on february 28, 2007, the us department of agriculture (usda) gave preliminary draft approval to a biotech company to plant genetically modified rice to produce human proteins, amidst fears about its risk to human health. If the project, proposed by California-based Ventria Biosciences, gets final approval it will be the first time a plant containing human and plant genes will have been grown commercially.
As per the proposal, three rice varieties will be developed over 1,214 hectares (ha) in Kansas, usa, two producing lactoferrins and one producing lysozyme. These are proteins that fight bacteria and are normally found in breast milk and saliva. The genes have been copied and produced synthetically before being transported into rice via a bacterial vector. The proteins will then be extracted from rice and incorporated into food items like oral rehydration drinks and yoghurts.
The company claims these products can be used to treat problems like diarrhoea and stomach bugs. A recent Ventria study claims children with severe diarrhoea recovered a day and a half faster if the prescribed salty fluids included proteins. It markets the technology as one that "saves lives".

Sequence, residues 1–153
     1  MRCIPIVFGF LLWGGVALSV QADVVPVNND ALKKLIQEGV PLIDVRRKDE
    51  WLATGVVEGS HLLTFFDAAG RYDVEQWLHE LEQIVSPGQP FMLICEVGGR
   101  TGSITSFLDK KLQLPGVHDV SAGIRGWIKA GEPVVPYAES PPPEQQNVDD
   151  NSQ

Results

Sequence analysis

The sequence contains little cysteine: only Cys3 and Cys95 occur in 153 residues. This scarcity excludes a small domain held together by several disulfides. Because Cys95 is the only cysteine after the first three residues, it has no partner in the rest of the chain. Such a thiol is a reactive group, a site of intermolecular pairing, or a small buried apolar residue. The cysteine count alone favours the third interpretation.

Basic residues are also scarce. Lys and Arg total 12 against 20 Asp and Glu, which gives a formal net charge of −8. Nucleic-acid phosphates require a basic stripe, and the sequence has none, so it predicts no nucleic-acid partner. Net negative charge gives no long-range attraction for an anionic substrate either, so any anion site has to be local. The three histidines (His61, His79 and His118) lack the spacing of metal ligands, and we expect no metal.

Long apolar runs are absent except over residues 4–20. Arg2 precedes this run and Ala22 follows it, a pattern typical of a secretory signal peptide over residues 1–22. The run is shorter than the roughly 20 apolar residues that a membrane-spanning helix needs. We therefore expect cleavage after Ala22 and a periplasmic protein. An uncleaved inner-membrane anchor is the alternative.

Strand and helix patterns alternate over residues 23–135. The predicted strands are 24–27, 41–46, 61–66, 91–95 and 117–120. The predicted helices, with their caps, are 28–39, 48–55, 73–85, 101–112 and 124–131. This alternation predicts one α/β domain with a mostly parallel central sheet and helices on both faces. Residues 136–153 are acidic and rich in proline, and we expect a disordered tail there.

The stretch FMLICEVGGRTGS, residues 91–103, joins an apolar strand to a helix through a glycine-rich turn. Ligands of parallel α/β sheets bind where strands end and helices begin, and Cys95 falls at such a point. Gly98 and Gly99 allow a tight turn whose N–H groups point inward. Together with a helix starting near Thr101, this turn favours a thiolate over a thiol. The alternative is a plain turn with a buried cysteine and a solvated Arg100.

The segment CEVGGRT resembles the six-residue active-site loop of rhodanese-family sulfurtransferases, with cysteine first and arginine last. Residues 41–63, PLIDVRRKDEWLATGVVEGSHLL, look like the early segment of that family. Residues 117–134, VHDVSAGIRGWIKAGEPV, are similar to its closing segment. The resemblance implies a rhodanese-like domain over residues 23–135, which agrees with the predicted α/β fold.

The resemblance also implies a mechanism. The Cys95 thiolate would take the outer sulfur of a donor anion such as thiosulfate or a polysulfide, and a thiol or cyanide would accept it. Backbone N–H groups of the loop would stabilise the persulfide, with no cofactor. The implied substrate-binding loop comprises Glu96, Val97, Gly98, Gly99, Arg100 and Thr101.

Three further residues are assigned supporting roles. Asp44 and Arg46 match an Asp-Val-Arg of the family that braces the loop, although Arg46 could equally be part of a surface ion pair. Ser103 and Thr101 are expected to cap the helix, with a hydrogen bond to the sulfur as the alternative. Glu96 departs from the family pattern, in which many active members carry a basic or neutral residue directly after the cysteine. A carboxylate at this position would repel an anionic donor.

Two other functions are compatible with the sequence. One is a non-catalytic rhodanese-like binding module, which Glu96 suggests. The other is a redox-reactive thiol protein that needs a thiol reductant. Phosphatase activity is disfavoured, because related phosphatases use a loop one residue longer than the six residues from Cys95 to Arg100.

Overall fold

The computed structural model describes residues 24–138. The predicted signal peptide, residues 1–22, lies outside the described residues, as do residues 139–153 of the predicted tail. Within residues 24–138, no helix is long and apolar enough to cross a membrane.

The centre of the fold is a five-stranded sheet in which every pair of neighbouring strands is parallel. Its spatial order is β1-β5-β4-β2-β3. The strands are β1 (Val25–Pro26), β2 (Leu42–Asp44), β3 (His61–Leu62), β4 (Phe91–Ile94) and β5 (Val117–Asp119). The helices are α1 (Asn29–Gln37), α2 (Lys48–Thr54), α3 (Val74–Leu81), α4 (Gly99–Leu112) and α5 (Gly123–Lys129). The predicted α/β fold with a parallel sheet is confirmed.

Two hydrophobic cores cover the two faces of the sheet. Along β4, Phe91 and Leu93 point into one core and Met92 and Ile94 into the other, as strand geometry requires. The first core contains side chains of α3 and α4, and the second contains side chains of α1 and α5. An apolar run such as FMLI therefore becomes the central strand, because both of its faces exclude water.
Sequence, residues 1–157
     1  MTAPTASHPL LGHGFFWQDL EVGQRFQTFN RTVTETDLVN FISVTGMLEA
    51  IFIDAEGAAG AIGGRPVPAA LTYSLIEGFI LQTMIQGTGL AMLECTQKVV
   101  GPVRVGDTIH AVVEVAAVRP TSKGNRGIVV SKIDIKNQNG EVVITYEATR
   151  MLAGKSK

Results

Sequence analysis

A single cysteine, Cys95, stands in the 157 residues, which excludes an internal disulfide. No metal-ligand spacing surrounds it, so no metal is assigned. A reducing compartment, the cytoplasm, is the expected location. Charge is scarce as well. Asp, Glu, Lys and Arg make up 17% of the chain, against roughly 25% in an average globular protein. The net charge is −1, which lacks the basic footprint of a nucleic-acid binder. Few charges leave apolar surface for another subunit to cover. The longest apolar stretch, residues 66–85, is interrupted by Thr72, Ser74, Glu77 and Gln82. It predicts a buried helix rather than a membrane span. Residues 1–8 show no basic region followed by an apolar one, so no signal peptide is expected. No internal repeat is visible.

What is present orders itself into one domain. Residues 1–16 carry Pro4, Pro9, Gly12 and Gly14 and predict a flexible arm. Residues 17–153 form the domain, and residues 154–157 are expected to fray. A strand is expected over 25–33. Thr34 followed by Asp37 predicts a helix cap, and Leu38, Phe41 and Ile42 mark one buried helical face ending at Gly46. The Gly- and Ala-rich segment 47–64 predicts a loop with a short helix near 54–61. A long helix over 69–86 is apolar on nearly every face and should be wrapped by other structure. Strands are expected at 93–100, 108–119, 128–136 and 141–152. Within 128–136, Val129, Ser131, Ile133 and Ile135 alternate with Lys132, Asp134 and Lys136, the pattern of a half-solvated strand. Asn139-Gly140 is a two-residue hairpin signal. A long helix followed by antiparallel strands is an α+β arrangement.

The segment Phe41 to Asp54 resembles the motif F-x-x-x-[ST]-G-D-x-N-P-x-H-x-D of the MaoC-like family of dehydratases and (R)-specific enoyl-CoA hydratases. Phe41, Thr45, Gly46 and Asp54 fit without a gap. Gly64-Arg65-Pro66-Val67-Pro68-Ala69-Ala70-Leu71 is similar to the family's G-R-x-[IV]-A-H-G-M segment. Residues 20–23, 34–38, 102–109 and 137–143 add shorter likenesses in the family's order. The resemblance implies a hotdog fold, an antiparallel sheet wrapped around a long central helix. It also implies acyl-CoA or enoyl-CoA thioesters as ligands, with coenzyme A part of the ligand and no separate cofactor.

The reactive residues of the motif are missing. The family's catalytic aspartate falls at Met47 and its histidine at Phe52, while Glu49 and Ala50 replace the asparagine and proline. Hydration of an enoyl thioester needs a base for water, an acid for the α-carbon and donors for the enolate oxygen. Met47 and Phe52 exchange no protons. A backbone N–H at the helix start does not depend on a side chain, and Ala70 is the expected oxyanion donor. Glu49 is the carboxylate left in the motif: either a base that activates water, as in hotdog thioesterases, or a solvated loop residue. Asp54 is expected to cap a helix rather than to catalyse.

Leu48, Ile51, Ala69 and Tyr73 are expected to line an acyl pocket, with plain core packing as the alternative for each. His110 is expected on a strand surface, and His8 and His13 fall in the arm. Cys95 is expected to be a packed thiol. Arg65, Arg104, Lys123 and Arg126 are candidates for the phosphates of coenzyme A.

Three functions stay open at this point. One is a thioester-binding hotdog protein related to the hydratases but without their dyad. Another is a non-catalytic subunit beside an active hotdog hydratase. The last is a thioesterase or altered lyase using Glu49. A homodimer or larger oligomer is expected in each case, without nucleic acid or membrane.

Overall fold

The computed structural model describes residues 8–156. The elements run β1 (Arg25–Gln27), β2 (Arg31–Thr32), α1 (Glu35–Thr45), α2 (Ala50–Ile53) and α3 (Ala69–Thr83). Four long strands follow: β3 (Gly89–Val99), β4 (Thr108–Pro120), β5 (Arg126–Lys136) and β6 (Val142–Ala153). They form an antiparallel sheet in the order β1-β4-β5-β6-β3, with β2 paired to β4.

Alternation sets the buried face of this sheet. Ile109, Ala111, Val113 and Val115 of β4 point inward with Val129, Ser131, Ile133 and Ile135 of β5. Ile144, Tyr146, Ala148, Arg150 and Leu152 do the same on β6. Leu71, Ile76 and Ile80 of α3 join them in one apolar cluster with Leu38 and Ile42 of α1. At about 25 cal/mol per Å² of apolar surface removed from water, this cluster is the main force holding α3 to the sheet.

The Kansas government has welcomed the company. "Agriculture has long been the backbone of our economy, so it's appropriate we take this opportunity to make the most of scientific advances in plant-made pharmaceuticals," said Kansas governor Kathleen Sebelius. A processing facility for the rice varieties has been given green light and is expected to contribute us$40 million to the Kansas economy by the time it is fully operational.
However, many organisations are worried. "I'm concerned because firstly, there is a possibility that the rice may get into the food supply, and secondly, it hasn't been tested," said Bill Freese of the us Center for Food Safety, an advocacy group. "It hasn't gone through a drug review process. So we're dealing with something that could cause harm to human health." But usda claims that since Ventria had taken precautions and Kansas was not a rice-growing state, there was "virtually no risk".
The public have until the end of March to submit objections. Ventria hopes to start planting by April.
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